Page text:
Court Denies EA’s Motion To Dismiss Former NCAA Player’s Lawsuit

According to court documents obtained by Patent Arcade, the U.S. District Court for the Northern District of California denied a motion by Electronic Arts to have a lawsuit by a former NCAA football player dismissed. The decision means that the lawsuit will be able to continue and is a serious blow to the NCAA sports wing of EA.

The lawsuit, instigated by former Arizona State and later, Nebraska quarterback Samuel Keller, claims that EA uses the likenesses of real-life NCAA football players in its games and that the failure to compensate the players is illegal. The lawsuit says that although EA Sports doesn’t use the player’s real names in the game it features their jersey numbers, home states, height, weight, skin tone, hair color, hair style and uniform features to replicate them accurately.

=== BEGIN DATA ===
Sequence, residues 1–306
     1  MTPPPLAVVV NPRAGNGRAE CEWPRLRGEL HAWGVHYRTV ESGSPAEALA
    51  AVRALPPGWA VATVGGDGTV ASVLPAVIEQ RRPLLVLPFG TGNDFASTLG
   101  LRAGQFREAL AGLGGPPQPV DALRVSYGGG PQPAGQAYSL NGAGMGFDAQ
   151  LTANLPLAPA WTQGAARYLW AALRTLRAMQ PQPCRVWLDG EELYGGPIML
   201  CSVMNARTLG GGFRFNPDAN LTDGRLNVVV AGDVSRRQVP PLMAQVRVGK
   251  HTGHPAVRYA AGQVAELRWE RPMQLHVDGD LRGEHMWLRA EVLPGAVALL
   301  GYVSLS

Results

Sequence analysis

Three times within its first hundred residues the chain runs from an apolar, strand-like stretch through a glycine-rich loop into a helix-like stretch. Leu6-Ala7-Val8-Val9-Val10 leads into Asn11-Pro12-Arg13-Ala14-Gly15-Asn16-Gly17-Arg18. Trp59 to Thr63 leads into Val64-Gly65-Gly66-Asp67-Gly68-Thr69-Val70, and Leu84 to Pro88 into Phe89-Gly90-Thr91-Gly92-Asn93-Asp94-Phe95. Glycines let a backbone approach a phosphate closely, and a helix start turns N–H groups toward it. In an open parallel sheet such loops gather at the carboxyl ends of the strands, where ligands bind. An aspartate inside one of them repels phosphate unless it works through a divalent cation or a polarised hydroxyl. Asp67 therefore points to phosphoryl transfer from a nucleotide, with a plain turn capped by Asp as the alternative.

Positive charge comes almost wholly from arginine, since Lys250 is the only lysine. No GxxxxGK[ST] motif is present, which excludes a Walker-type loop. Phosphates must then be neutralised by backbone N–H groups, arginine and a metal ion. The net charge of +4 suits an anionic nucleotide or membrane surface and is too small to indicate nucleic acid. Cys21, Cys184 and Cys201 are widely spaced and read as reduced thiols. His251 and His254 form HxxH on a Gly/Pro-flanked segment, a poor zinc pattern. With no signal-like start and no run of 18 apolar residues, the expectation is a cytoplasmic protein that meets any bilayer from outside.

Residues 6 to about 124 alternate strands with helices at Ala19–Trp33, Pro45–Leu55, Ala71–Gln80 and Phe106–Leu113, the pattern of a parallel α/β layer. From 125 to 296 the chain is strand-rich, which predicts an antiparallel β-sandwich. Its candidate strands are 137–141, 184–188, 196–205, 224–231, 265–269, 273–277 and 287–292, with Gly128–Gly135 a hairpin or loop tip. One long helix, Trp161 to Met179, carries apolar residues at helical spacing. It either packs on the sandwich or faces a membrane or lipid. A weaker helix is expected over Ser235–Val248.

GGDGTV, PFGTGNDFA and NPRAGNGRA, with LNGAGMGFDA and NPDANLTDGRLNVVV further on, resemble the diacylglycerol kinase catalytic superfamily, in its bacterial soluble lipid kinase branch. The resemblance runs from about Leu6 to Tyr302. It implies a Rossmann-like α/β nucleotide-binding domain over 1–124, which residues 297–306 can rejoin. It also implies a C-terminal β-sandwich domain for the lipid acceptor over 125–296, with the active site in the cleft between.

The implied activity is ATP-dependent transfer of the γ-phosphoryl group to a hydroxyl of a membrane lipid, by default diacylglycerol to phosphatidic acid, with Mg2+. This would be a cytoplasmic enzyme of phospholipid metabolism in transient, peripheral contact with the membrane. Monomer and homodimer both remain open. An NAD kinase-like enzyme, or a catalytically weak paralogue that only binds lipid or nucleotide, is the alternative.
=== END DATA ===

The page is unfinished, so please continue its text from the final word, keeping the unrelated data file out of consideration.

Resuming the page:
EA aimed for a dismissal by claiming that players were subject to “significant transformative elements” and that allows the NCAA Football games to be protected by the first amendment. However, the US District Court ruled that “EA’s game goes beyond mere reporting of ‘just the players’ names and statistics; it offers a depiction of the student athletes’ physical characteristics and, as noted, enables consumers to control the virtual players on a simulated football field.”

While the dismissal appears to be a blow to EA and EA Sports, the file for dismissal is a necessary attempt to end the lawsuit and EA probably knew that there wasn’t much of a chance at getting the lawsuit dismissed.

Honestly, though, we have a few thoughts on this case. Number 1 being – 99.9% of players would be pretty psyched to see themselves in a football game. And number 2 being that, if you’re like us, you think the players in NCAA Football all look the same. Quite frankly, there are only four or five different facial types available for each player and you can’t even customize hair style or anything else. Look, I played and reviewed NCAA Football 10 and Tim Tebow’s “likeness” did not even remotely look like Tim Tebow.

Thoughts, everybody?


Source: Patent Arcade